As the nation’s economic woes stretch into another year, many parents are rethinking how they spend their money—especially when it comes to luxuries like family entertainment. Group activities can be frightfully expensive, given the ever-increasing ticket prices for movies, theme parks, sporting events and other traditional group outings—and that’s before you pay to park or buy snacks once you get inside. But countless sources of inexpensive family fun are available in the Chicago area. There are forest preserve trails to hike, world-famous sights to see, theatrical productions to enjoy and plenty of other entertaining activities available—many costing less than a hot dog at Wrigley Field. All you need is a little imagination, a sense of adventure and maybe a map or two. Love your library Libraries are good for much more than borrowing books and doing research for school reports. Most area libraries offer free classes, film screenings, musical performances, artistic activities and other programs designed with families in mind. The Evanston Public Library holds a chess night on the first Thursday of every month, while the Arlington Heights Memorial Library features book discussions for kids and adults, youth-oriented theatrical performances and musical events. In the western suburbs, Naperville’s two public libraries host seasonal craft programs for children and parents, as well as shows by jugglers, puppeteers and magicians. "We want to offer opportunities for families to do something together that will give them a common experience," says Susan Strunk, manager of Naperville’s Naper Boulevard library. "And a lot of the times, the parents enjoy it as much as the kids." The Chicago Public Library system is a particularly rich source of entertaining activities, including art exhibitions, dramatic performances, lectures, poetry readings and appearances by some of the nation’s best-selling writers. Advanced registration often is required for library programs, so be sure to call ahead when something strikes your fancy. Marvelous museums Chicago long has been known for its magnificent museums. Museums that sit on publicly-owned land repay their landlords—us, the tapayers—with free days. The Chicago Historical Society offers free admission to everyone on Mondays. The Museum of Science and Industry welcomes people without charge on select Mondays and Tuesdays throughout the year, as does the John G. Shedd Aquarium, the Field Museum of Natural History and the Adler Planetarium. The Terra Museum of American Art doesn’t charge admission on Tuesdays, Thursdays and the first Sunday of each month, while the DuSable Museum of African-American History offers free admission every Sunday. The Chicago Children’s Museum is free for families every Thursday from 5 to 8 p.m. The Mexican Fine Arts Center is free every day. The world-famous Art Institute of Chicago is free on Tuesdays, but every day offers a remarkable pricing plan: Rather than charging set amounts, the museum asks visitors to pay whatever they wish, as long as they contribute something. Children 5 and younger always get in free. "Families can come, pay whatever they choose, and enjoy the museum. That’s the important part—to just come," says Eileen Harakal, executive director of public affairs for the venerable Michigan Avenue attraction. "Money should not be an obstacle to visiting this wonderful museum. Our founders wanted it to be accessible to every man, woman, and child in Chicago, and it is." Move over, Broadway When it comes to live theater, Chicago is a top-notch town. Broadway shows play to packed houses every night here, sometimes even before the performances hit New York. And homegrown troupes at the Steppenwolf and Goodman have yielded countless award-winning productions, not to mention some of America’s favorite actors and actresses. Of course, tickets to the most popular shows can cost as much as $100 a piece—which prices some families right out of the theater. But marquee shows such as "West Side Story," "Macbeth" and "Damn Yankees" also are playing that venues with more affordable prices—at area high schools and colleges. "I think it’s a great alternative—especially for junior-high and high-school age students," says Frank Lestina, the fine arts director at Vernon Hills High School, which last year teamed with nearby Libertyville High to stage a rare high-school production of "Les Miserables." "It is very important for people to make the effort to attend live performances. This is true of music concerts, theater and even art shows." Student-run theatrical performances aren’t limited to timeless musicals or Shakespearean classics. Many schools put on cutting-edge dramas, dark comedies or original pieces written by the students themselves. This April, Highland Park High School will stage "The Laramie Project," an off-Broadway play and HBO movie about the 1998 hate-crime murder of gay college student Matthew Shepard. The same month, students at Oak Park and River Forest High School will perform George Bernard Shaw’s "Arms and the Man." In April and May, DePaul University’s Theatre School puts on "The Owl and the Pussycat Went to See…" a musical for adults and children based on Edward Lear’s comical characters. Also in May, Northwestern University’s Theatre and Interpretation Center hosts the Spare Rib Festival, a collection of pieces created, directed and performed by undergraduates in the department of performance studies. Tickets to many student productions are free. Other troupes charge a minimal fee, often as little as $2. Into the woods Thousands of acres of woodlands are protected by the various forest preserve and conservation districts in northeastern Illinois, and your tax dollars pay for their care—so why not see your money at work and visit them? The preserves in Chicago and the collar counties feature twisting trails, scenic bluffs, beautiful lakes, winding rivers and other natural attractions. During the winter months, paths normally used for biking and hiking often are good for cross-country skiing or snowshoeing. If mountain biking or skiing isn’t your family’s thing, grab walking sticks, notepads and pens and stroll through a preserve at a leisurely pace. Tell your children to write descriptions of animals and plants you pass, then use the Internet or an encyclopedia to identify them when you get home. If your kids aren’t old enough for such a project, simply take them for a walk along a forest-preserve trail and point out the interesting species you see, then perhaps make a game out of it by awarding points for each animal spotted. "Families wanting to spend quality time together can find a whole host of free or inexpensive things to do in their forest preserves," said Lake County Forest Preserve District President Bonnie Thomson Carter. "The outdoor recreational and learning experiences provided in our forest preserves help us maintain a high quality of life and sense of community." Forest preserves offer more than just bucolic landscapes. Many feature man-made recreational opportunities such as canoe launches, picnic shelters and historical exhibits. For example, the Lake County Discovery Museum on the grounds of the Lakewood Forest Preserve near Wauconda is home to the world’s largest postcard collection, the official Lake County history archives and a rotating selection of fun exhibits. Kline Creek Farm at the Timber Ridge Forest Preserve in Winfield is a working recreation of 19th Century farm life. Self-guided tours and an array of free or inexpensive programs are offered at Kline Creek Farm throughout the year. And the McHenry County Conservation District offers nature-related scavenger hunts, story-time sessions, a maple syrup festival and many other family programs at various locations. Tour de force Many entrepreneurs offer guided bus or boat tours of Chicago’s architectural and historical landmarks, and they’re usually pretty entertaining, although they can be prohibitively expensive for a family. But you can design your own tours of Chicagoland without spending a dime. The possible topics are endless. Do your kids like sports? Then visit as many of the Chicago area’s athletic stadiums as you can in one day, from U.S. Cellular Field (Comiskey Park) on the South Side to Ryan Field in Evanston. Are you a fan of legendary architect Frank Lloyd Wright? Try searching for the many homes and other buildings he designed that still stand in the area. Are your teens movie buffs? Check out area locations that were used in major motion pictures, such as Marina Towers (seen in Steve McQueen’s "The Hunter"), the Rookery Building (a South LaSalle Street landmark that served as Elliot Ness’ headquarters in "The Untouchables") and the Richard J. Daley Center (seen during the climactic chase in "The Blues Brothers"). "And let’s not forget the Wrigley Building, featured significantly in the movies ‘The Fugitive’ and ‘Soul Food,’" said Dann Gire, film critic for the Daily Herald and president of the Chicago Film Critics Association. "One of the great things about living in Chicagoland is that you can go scouting for movie locations after they’ve been filmed. It’s easy, convenient, and what’s more, fun!" Gather the family together and use the Internet to find destinations for your tour. Web sites such for the Chicago Film Office, the Internet Movie Database and the Worldwide Guide to Movie Locations include information about locally shot films, and many official and fan-created Web sites feature information about Wright’s architectural masterpieces, area ballparks and other potential sightseeing subjects. You can create maps at a variety of geographically minded Web sites, too, including those for Mapquest and Rand McNally. Zoo review Not only is Chicago’s Lincoln Park Zoo a world-famous tourist destination, welcoming more than 3 million visitors every year, it’s also one of only a handful of zoos in the country that doesn’t charge admission. Managed by the Lincoln Park Zoological Society, the zoo, the nation’s oldest, primarily is funded by the Chicago Park District and private donations, which means you can see the lions, tigers and bears any day of the year without first having to save up for tickets. The free entry policy is vital to the zoo’s mission, says spokeswoman Kelly McGrath. "How many families would not be able to come to the zoo if we charged admission?" McGrath says. "They definitely appreciate it." The zoo’s most famous feature arguably is its recently renovated farm, where you can feed cows, churn butter and participate in many other fun activities. Lincoln Park is home to traditional zoo animals, too. Teach your kids about aquatic animals by visiting the penguin and seabird house, the sea lion pool or the scenic swan pond. Or, if your youngsters like to monkey around, call on the gibbons, mandrills and pygmy marmosets in the primate house. Additionally, this spring marks the debut of the zoo’s Regenstein African Journey, a habitat for aardvarks, giraffes, elephants, crocodiles, warthogs and other African species. The exhibit will replicate the animals’ natural ecosystems, such as rain forests, dry forests and savannas. Located at Lake Shore Drive and Fullerton Parkway, Lincoln Park Zoo is easily accessible by car, taxi, bus, bicycle, in-line skate or just about any other means of travel. Parking costs $9 per vehicle, however. All aboard No doubt about it: Kids love trains. Inspired by stories such as "The Little Engine That Could" or perhaps the sight and sounds of scale-model trains zipping around a miniature track at home, children have been fascinated by railroads for generations. And if your children would like nothing better than to ride the Hogwart’s Express or to accompany Thomas the Tank Engine on one of his many exploits, Chicago definitely is the right place for you. Long considered a key railway hub, Chicagoland is home to hundreds of miles of railroad tracks used by freight carriers, long-distance passenger trains and two commuter lines, Metra and the CTA. So make your young train fan’s dream come true by hopping aboard for an unforgettable adventure. "Being exposed to trains at a young age helped me to grow into a lifelong hobbyist of model trains," recalls Bill Halupka, a vice president of the LGB Model Railroad Club of Chicago. "When I was younger, my dad would take us on the Burlington (now called Metra) to downtown Chicago to visit the train shops, and the ride was half the fun." For suburbanites, Metra might be the easiest way to ride the rails. Ticket prices depend on your starting point and destination and start at $1.85 per person. Metra offers special family fares on weekends and selected holidays when up to three kids under 12 ride can free when accompanied by a fare-paying adult. Metra also offers a special $5 weekend pass that’s good all day Saturday and Sunday. During the week, kids between the ages of 7 and 11 pay half-price for one-way fares. Additionally, kids under 7 ride free when accompanied by a fare-paying adult during the week. Other discounts also are available. Riding a Chicago Transit Authority train is an even bigger bargain: one-way tickets cost $1.50 for adults and 75 cents for kids, regardless of where you board or what your destination may be. Even better for your wallet, reduced-fare cards are sold at currency stores, area supermarkets and other locations. CTA Visitors Passes offer a discount, too. Not that you really even need to go anywhere if you’re traveling through the Windy City on the railroad. Seeing Chicago or the suburbs by train is a remarkable experience on its own, far more memorable than the traditional view from a car. Pack snacks and drinks and make a day of it, riding the rails until it’s time to head home.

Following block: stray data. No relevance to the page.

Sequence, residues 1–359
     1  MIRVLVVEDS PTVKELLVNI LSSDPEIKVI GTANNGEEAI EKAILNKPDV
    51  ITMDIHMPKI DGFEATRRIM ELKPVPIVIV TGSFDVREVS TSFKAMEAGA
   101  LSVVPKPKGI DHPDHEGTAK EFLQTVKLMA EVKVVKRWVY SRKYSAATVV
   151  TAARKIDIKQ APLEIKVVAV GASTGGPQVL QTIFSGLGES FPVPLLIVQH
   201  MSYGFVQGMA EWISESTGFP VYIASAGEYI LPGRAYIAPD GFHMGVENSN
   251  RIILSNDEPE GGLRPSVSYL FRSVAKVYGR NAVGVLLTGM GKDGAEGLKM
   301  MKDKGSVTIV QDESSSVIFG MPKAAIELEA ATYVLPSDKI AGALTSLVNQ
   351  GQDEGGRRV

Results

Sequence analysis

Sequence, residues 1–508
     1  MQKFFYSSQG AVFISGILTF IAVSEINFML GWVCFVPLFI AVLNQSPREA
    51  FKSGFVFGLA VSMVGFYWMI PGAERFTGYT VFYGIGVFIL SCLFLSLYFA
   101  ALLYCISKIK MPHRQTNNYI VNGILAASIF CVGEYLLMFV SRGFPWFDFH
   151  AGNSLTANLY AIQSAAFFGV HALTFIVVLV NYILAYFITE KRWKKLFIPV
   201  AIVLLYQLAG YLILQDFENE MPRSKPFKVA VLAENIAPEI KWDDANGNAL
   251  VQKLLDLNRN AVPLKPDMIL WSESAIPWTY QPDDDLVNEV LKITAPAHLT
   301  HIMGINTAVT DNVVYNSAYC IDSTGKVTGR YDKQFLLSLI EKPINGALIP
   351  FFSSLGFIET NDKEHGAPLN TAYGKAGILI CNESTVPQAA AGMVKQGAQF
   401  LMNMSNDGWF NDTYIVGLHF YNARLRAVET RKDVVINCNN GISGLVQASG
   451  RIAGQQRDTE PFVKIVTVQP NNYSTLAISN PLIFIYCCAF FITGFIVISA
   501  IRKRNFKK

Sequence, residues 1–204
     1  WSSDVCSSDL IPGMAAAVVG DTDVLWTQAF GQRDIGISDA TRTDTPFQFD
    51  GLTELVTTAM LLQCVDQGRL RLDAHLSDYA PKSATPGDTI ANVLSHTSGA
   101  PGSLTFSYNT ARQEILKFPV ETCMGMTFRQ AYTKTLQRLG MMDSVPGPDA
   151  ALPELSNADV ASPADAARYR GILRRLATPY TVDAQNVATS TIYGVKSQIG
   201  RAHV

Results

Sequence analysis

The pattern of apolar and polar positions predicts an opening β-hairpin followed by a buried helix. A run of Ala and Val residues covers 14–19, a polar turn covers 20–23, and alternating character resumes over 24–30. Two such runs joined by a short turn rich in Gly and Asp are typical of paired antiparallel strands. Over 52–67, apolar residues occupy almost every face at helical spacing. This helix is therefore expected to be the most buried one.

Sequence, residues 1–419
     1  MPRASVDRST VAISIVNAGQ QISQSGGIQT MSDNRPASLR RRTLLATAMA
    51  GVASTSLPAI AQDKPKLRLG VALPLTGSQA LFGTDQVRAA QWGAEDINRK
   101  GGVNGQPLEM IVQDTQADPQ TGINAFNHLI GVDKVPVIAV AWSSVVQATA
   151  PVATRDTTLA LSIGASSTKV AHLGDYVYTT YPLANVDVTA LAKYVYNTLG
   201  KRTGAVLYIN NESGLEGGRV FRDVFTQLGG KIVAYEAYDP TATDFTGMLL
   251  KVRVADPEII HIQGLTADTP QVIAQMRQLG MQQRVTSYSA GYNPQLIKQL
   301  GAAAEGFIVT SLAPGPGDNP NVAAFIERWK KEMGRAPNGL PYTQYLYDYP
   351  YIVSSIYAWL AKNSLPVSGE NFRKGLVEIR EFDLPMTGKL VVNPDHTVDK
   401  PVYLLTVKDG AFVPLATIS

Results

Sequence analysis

Just the facts

Libraries Arlington Heights Memorial Library (847) 392-0100; www.ahml.lib.il.us

Chicago Public Library (312) 747-4300; www.chipublib.org

Evanston Public Library (847) 866-0300; www.evanston.lib.il.us

Naperville Public Libraries (630) 961-4100; www.naperville-lib.org

Museums Adler Planetarium (312) 922-7827; www.adlerplanetarium.org

Art Institute of Chicago (312) 443-3600; www.artic.edu

Chicago Children’s Museum (312) 527-1000; www.chichildrensmuseum.org

Chicago Historical Society (312) 642-4600; www.chicagohs.org

DuSable Museum of African-American History (773) 947-0600; www.dusablemuseum.org

Field Museum of Natural History (312) 922-9410; www.fmnh.org

John G. Shedd Aquarium (312) 939-2435; www.shedd.org

Museum of Science and Industry (773) 684-1414; www.msichicago.org

Terra Museum of American Art (312) 664-3939; www.terramuseum.org

Student theater Highland Park High School (847) 926-9233; www.d113.lake.k12.il.us/hphs/index.htm

DePaul University’s Theatre School (312) 922-1999; theatreschool.depaul.edu/perform/

Libertyville High School (847) 327-7000; lhs.district128.org

Northwestern University’s Theatre and Interpretation Center (847) 491-7282; www.tic.northwestern.edu

Oak Park and River Forest High School (708) 434-3157; www.oprfhs.org

Vernon Hills High School (847) 932-2000; vhhs.district128.org

Forest Preserves Lake County Discovery Museum (847) 968-3400; www.lcfpd.org/discovery_museum Kline Creek Farm (630) 876-5900; www.dupageforest.com/EDUCATION/klinecreek.html

Lake County Forest Preserve District (847) 367-6640; www.lcfpd.org

McHenry County Conservation District (815) 338-6223; www.mccdistrict.org

Self-made tours Internet Movie Database www.imdb.com Chicago Film Office (312) 744-6415; www.ci.chi.il.us/FilmOffice

Mapquest www.mapquest.com

Rand McNally www.randmcnally.com

Worldwide Guide to Movie Locations www.movie-locations.com

The zoo Lincoln Park Zoo (312) 742-2000; www.lpzoo.com

Trains Chicago Transit Authority (888) 968-7282; www.transitchicago.com

Metra (312) 322-6777; www.metrarail.com

 

 

 

Russell Lissau is a staff writer for the Daily Herald. His work also has appeared in Chicago magazine, North Shore and The Advocate.